Our laboratory aims to develop a better understanding of the processes of liver carcinogenesis in human hepatocellular carcinoma, focuses on expression profiles-based molecular genetic studies. Specifically, 1. We perform functional genomic studies to decipher the molecular differences between cancerous and normal liver tissues to identify novel diagnostic and prognostic biomarkers relating to human hepatocellular carcinoma. 2. To better understand the molecular roles of these biomarkers in the carcinogenesis of human hepatocellular carcinoma. 3. To design and build novel diagnostic platforms for human hepatocellular carcinoma using these novel biomarkers. 4. To design and perform animal experimentation to validate novel viral- and drug-mediated therapies for human hepatocellular carcinoma. 5. To design and generate cancer-specific vaccines for human hepatocellular carcinoma.


Tumor recurrence and metastases are the major obstacles to improve the prognosis of patients with hepatocellular carcinoma (HCC). In this presentation, we will describe the identification of blood-based diagnostic and prognostic biomarkers that surpass existing clinicopathologic factors in gauging the risk of early recurrent disease in patients with HCC and the development of HCC in high-risk CHB patients. To identify novel molecular signatures associated with HCC recurrence and metastases, we have established an expression database of HCC patients using Affymetrix gene chips. Samples from patients with early recurrent disease were compared with non-recurrent human HCC tissue samples (recurrence is defined as recurrent disease occurring within a 2-year time point of the original treatment). Novel biomarkers associated with early HCC recurrence have been characterized and are being employed as diagnostic markers for early recurrent disease. Metastasis that is responsible for the majority of cancer-related deaths is initiated by cancer cells that are shed and disseminated through the circulation from the primary tumor to distant organs (circulating tumor cells, CTCs). Although the detection of CTCs may have important prognostic and therapeutic implications, their detection poses key technical challenges because their numbers can be very small. Great efforts have therefore been made toward the enhancement of signal amplification to significantly increase the sensitivity for the detection of tumor-specific biomarkers on the surface of CTCs. In this presentation, I will also present a dual signal amplification immunosensing strategy that has the potential to offer high sensitivity and specificity for the detection of low-abundance tumor cells. High sensitivity is achieved by using graphene to modify the immunosensor surface to accelerate electron transfer and quantum dot (QD)-coated silica nanoparticles as tracing tags. On the other hand, high specificity is obtained by the simultaneous measurement of multiple HCC-specific biomarkers, identified through the microarray studies, on the cell surface of CTCs using different QD-coated silica nanoparticle tracers. In summary, the presentation will cover some of our effort to identify novel biomarkers to diagnose early HCC and the development of novel strategies to couple some of these biomarkers to enable the detection of low abundance circulating tumro cells.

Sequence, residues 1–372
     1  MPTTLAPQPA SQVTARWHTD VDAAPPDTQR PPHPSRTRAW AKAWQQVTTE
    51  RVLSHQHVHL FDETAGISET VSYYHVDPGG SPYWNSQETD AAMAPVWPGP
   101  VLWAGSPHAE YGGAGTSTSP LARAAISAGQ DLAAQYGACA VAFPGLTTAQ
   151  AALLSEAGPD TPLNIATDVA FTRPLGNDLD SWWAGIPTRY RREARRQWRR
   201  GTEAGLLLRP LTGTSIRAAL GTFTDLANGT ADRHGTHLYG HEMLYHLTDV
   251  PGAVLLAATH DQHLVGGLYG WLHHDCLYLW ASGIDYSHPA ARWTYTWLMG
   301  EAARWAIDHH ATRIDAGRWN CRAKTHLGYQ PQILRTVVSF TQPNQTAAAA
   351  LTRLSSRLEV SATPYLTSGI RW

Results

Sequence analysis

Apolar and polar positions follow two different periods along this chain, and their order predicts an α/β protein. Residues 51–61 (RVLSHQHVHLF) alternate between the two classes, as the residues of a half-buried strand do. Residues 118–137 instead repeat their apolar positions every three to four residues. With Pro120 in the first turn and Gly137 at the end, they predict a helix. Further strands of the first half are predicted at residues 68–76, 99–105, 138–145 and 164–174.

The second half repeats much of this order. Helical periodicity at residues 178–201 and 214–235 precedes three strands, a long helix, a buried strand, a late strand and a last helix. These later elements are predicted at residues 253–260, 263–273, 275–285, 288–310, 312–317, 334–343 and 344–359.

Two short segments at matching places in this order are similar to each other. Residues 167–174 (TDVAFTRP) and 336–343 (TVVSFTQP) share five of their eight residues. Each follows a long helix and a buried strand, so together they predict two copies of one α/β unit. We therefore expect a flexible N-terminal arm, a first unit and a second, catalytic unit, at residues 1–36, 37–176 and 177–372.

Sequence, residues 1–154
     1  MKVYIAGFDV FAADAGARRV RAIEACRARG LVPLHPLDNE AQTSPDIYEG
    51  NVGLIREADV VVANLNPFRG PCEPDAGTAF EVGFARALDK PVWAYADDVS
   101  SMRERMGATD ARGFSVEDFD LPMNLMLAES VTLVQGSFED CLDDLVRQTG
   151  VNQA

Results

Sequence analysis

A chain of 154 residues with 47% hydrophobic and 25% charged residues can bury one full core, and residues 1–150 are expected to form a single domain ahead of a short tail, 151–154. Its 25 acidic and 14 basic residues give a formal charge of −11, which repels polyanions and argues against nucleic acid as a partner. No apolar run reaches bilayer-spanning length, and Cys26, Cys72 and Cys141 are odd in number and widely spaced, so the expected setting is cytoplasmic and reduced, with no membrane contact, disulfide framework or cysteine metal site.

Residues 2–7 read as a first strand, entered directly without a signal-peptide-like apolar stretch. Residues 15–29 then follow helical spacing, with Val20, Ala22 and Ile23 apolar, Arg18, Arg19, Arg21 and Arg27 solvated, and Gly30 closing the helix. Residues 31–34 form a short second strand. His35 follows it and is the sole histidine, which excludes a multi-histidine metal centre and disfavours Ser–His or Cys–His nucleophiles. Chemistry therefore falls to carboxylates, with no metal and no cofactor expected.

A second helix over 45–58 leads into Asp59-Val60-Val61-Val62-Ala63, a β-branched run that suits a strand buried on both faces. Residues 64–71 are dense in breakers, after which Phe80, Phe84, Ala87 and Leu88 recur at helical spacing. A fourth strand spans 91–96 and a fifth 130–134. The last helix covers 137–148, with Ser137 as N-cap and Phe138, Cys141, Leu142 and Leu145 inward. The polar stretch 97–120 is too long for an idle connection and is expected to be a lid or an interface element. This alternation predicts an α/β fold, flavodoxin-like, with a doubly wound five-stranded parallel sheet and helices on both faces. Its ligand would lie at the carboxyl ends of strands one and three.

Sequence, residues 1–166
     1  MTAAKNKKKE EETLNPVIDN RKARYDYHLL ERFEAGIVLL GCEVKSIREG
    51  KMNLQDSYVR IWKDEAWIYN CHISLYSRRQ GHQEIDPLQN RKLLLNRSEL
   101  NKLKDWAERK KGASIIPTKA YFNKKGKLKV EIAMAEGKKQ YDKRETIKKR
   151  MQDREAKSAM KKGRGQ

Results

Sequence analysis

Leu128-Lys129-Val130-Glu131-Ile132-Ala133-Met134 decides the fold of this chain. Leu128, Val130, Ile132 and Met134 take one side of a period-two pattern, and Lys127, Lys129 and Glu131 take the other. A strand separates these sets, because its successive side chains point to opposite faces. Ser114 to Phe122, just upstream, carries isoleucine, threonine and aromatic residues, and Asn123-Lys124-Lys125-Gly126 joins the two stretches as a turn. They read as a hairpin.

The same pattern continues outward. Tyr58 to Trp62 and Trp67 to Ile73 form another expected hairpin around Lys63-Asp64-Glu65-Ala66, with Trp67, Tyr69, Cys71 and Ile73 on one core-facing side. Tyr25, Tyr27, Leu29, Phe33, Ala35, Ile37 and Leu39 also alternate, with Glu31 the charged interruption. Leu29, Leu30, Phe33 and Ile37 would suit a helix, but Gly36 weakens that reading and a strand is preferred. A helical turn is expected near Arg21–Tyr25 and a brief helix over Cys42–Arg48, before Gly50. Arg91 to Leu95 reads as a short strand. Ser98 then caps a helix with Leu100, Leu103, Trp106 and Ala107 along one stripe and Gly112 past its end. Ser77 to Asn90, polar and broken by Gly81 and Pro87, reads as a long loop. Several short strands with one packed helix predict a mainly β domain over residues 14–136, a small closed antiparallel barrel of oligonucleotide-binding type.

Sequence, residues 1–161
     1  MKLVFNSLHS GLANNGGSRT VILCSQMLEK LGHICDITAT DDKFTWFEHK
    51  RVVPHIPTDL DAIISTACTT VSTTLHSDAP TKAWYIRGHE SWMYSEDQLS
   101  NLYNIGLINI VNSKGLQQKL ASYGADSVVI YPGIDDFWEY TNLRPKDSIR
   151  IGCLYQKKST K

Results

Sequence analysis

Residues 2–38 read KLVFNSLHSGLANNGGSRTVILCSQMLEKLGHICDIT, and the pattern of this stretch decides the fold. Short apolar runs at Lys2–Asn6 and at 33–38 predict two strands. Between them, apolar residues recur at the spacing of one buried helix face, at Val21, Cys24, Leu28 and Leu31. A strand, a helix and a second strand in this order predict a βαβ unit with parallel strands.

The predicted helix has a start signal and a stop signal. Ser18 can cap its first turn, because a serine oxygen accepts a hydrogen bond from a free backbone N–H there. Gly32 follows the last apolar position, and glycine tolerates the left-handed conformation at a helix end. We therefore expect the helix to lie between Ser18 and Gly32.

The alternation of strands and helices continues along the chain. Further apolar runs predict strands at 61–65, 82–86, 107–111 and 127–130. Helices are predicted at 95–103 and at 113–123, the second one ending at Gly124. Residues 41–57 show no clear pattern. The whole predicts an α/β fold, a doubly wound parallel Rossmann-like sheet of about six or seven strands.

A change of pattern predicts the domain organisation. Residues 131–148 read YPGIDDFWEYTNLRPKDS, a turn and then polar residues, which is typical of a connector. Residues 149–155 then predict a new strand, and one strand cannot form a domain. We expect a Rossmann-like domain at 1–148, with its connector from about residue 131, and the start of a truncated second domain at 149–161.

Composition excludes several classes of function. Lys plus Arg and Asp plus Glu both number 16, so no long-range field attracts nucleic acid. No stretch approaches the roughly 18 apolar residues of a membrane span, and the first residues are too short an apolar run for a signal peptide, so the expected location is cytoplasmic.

Speaker Presentations